Speaker: Theres Grüter (Hawaii)
Title: Is overreliance on lexicosemantics in second language processing evidence for representational deficits?
Abstract: The field of (formal approaches to) Second Language Acquisition has been shaped by a long-standing debate between Representational Deficit and Processing/Performance accounts. Whereas the former locate persistent differences between native (L1) and non-native (L2) speakers at the level of linguistic competence, the latter hold that grammatical representations in L1 and L2 can be of the same kind, and any observable differences between L1 and L2 users are effects of cognitive resource or performance limitations. A key component of Representational Deficit accounts, such as the Shallow Structure Hypothesis (Clahsen & Felser, 2006, 2017), is that L2 speakers may compensate for less robust grammatical representations by relying more heavily on nongrammatical information, including lexicosemantics and discourse. Evidence of greater sensitivity to nongrammatical vs grammatical cues is then taken as support for Representational Deficit accounts.
In this talk, I will challenge the logic that greater reliance on lexicosemantics necessarily supports accounts that propose representational deficits as a consequence of maturational changes in language learning ability (aka Critical Period hypothesis for L2 acquisition). Based on evidence from two studies on the learning and processing of prenominal classifiers in L2 Chinese, I will show that greater sensitivity to lexicosemantic vs grammatical cues may indeed be characteristic of L2 (vs L1) processing, under certain circumstances. Yet I will argue that these differences may be explained as a consequence of different learning trajectories in a later learned vs a first learned language, which in turn follow from differences in prior knowledge. Greater reliance on lexicosemantics in L2 may thus be an adaptation to the outcome of a different learning trajectory shaped by prior knowledge, not a consequence of a maturationally conditioned decline in the ability to form grammatical representations in a later learned language.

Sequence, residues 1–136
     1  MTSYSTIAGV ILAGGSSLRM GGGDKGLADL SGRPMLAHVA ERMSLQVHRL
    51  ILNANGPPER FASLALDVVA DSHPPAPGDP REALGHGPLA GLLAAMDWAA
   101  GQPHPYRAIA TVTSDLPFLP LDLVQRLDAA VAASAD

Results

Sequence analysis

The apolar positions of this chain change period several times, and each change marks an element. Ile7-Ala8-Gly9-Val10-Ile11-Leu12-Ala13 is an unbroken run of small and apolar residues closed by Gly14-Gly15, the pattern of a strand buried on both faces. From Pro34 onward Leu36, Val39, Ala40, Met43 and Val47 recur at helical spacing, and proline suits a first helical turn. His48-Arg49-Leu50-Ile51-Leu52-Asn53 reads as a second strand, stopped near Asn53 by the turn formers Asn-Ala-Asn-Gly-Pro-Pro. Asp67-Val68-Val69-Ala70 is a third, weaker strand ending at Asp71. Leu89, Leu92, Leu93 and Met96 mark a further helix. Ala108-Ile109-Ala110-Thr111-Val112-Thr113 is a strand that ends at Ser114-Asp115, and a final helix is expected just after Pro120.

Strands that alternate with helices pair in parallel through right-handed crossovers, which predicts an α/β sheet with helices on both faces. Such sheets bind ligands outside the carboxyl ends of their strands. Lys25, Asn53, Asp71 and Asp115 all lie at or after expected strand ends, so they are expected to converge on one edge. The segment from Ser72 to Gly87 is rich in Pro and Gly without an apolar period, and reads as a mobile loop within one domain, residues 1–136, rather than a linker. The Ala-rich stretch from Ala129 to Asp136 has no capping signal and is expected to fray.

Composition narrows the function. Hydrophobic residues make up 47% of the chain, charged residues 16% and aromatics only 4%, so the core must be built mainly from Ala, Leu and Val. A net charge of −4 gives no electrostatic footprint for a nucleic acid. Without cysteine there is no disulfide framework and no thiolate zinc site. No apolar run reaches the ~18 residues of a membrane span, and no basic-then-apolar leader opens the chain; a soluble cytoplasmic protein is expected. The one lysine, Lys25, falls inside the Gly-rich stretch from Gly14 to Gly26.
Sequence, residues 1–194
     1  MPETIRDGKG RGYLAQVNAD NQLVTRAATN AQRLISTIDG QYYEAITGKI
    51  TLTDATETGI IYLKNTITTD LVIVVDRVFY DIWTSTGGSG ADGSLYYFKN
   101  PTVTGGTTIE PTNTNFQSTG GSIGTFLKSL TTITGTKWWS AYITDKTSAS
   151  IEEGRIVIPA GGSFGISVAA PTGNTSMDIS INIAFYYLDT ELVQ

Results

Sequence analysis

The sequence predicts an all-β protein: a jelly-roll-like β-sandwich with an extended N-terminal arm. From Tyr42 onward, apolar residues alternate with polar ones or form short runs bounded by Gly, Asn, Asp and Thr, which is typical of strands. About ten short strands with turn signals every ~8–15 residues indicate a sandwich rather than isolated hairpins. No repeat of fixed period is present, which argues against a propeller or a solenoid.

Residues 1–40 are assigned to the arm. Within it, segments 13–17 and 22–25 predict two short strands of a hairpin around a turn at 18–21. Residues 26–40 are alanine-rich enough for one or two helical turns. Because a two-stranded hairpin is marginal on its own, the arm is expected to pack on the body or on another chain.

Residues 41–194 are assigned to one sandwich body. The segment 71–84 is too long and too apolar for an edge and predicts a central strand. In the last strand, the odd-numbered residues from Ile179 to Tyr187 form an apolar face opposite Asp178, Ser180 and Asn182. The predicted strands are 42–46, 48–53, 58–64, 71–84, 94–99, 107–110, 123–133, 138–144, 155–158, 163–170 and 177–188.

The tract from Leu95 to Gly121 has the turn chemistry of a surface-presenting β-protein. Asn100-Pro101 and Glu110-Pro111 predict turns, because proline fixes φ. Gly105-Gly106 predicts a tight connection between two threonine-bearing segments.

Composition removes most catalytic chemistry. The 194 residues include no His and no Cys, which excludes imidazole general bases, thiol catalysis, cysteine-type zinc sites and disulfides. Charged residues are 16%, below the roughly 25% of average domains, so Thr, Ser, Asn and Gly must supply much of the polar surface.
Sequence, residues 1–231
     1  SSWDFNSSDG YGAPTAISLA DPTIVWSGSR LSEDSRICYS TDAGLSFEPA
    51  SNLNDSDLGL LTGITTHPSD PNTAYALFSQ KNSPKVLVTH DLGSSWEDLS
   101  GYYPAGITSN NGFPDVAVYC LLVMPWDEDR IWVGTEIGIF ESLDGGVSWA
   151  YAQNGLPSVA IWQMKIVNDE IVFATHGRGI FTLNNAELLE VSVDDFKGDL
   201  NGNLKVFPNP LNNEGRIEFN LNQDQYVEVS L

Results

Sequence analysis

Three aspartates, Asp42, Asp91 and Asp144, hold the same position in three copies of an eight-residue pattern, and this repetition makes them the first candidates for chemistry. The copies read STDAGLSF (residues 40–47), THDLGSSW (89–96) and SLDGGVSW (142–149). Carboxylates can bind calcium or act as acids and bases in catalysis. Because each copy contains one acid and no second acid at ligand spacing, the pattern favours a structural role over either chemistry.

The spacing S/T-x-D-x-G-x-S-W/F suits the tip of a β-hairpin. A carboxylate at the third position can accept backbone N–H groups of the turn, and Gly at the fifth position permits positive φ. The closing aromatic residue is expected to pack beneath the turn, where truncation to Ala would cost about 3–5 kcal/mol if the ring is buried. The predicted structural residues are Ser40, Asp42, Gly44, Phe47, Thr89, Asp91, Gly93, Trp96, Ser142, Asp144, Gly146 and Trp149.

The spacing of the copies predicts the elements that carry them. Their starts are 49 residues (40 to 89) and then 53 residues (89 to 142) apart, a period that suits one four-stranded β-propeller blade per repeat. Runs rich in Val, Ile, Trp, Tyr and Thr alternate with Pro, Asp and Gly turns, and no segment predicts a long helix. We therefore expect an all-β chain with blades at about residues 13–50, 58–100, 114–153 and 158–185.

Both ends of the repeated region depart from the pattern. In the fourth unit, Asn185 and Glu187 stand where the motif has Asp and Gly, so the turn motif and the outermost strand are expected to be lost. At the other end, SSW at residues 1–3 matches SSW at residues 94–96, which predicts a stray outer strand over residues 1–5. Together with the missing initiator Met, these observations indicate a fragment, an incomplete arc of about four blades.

Room S38, Psychology Building, 7 George Square, Edinburgh, EH8 9JZ